We saw this one coming!
Watch out NZ, wouldn’t be surprised if we’re next:
- A new internet watchdog could block harmful websites from Britain
- The regulator could also remove non-compliant websites from search results
- The Online Harms White Paper has been accused of paving the way for
- Former culture secretary John Whittingdale drew parallels with China and Russia
Published: 07:15 AEST, 11 April 2019 | Updated: 20:48 AEST, 11 April 2019
Draconian laws designed to tame the web giants will not limit press freedom, the Culture Secretary said yesterday.
In a letter to the Society of Editors, Jeremy Wright vowed that ‘journalistic or editorial content would not be affected’ by the proposals.
And he reassured free speech advocates by saying there would be safeguards to protect the role of the Press.
The Government is facing accusations that its Online Harms White Paper paves the way for totalitarian-style censorship.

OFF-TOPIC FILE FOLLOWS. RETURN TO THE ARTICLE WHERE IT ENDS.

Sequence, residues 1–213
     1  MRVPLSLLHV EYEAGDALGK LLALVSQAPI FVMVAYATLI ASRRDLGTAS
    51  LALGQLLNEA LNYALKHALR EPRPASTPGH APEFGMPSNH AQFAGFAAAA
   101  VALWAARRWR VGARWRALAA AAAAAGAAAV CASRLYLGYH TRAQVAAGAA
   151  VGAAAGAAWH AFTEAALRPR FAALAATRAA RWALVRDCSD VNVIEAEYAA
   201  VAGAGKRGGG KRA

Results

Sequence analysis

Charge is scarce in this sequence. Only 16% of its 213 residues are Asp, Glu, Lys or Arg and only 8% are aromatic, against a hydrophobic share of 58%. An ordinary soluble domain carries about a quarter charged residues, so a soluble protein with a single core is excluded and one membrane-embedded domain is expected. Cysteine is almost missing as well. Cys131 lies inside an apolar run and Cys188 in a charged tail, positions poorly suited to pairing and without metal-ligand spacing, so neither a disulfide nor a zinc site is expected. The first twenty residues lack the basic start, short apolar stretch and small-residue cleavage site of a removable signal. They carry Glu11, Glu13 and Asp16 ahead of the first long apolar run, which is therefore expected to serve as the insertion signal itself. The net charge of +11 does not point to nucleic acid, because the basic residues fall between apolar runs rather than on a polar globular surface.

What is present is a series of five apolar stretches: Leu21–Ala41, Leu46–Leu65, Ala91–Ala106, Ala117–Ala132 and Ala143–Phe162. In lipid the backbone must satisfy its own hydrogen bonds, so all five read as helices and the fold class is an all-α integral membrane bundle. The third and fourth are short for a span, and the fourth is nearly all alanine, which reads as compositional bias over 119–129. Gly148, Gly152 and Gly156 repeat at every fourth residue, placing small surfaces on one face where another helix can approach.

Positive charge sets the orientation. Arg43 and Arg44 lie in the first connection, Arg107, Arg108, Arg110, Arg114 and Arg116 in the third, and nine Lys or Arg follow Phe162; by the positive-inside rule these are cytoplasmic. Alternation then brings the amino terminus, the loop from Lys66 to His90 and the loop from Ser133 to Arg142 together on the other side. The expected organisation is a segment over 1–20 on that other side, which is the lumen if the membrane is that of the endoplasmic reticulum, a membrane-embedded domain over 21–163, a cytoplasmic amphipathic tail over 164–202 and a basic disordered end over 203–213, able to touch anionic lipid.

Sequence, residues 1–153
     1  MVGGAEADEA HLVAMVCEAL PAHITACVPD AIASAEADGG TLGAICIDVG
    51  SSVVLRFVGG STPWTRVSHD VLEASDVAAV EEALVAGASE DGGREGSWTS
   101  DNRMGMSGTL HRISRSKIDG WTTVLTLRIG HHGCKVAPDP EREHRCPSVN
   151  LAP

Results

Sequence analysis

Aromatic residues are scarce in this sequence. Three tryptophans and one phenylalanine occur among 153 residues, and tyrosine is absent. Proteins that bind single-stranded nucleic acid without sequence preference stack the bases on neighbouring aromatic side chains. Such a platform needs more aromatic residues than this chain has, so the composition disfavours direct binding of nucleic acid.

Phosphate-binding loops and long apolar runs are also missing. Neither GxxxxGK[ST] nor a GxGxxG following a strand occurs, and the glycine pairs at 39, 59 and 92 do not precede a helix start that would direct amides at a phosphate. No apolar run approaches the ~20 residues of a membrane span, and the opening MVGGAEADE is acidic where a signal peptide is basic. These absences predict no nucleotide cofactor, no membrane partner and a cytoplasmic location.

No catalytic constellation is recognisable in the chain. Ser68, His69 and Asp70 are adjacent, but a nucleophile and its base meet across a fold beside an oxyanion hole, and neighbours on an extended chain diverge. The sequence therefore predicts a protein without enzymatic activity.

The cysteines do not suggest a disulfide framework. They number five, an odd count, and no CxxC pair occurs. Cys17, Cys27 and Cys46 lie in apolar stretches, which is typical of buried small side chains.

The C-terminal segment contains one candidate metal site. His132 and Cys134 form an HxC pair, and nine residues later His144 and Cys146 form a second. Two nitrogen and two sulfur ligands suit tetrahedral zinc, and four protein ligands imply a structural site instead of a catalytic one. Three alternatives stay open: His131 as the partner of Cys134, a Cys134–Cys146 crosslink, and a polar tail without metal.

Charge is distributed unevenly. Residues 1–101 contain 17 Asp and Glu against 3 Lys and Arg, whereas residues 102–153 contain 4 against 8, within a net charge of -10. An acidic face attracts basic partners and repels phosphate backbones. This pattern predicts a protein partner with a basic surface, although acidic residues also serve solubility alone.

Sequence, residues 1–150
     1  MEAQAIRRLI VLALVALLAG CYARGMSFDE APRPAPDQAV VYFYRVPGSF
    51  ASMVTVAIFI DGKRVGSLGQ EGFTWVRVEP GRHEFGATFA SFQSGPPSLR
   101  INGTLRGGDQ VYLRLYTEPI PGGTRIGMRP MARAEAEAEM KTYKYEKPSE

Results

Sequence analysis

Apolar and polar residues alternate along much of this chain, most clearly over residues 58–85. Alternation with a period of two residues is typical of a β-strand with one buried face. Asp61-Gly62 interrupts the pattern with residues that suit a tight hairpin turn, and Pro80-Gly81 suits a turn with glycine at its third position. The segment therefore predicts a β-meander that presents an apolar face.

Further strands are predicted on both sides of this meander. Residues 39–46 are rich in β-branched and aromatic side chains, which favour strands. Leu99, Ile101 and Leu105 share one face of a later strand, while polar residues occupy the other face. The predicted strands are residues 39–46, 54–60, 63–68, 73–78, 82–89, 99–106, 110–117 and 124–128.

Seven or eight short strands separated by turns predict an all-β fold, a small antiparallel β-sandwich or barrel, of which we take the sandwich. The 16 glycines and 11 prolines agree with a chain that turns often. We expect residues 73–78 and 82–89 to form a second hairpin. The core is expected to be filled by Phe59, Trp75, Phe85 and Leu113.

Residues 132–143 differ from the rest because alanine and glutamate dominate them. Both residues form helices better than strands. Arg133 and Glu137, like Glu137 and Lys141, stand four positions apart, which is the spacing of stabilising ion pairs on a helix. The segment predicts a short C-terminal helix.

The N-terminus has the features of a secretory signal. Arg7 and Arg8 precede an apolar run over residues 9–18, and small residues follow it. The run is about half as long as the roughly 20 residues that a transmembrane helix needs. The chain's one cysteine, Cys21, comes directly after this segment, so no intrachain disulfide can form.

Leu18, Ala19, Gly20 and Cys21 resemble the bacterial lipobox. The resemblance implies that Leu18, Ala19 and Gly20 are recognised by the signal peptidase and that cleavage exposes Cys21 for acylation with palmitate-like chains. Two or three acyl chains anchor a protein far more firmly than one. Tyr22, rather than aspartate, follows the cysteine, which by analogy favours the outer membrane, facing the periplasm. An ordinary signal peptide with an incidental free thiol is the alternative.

The 98-page document laid out plans for an internet watchdog that would have the power to block websites from Britain if they did not adhere to its rules.
The regulator could also remove non-compliant websites from search results and app stores, and stop users from accessing them via links on social media. The plans are designed to force lawless web firms to remove harmful material from their platforms.
But they have sparked fears that they could backfire and turn Britain into the first Western nation to adopt the kind of censorship usually associated with totalitarian regimes.
Former culture secretary John Whittingdale drew parallels with China, Russia and North Korea. Matthew Lesh of the Adam Smith Institute, a free market think-tank, branded the white paper a ‘historic attack on freedom of speech’.
But yesterday Mr Wright sought to reassure news chiefs that the Government would preserve Press freedoms and ensure its plans ‘did not have unintended consequences’.
‘This Government absolutely upholds the core principle of freedom of expression, recognising the invaluable role a free Press plays in our cultural and democratic life,’ he said. ‘We are seeking to build sufficient safeguards into our proposals to protect those freedoms.
‘The Government’s stance on Press regulation has not changed…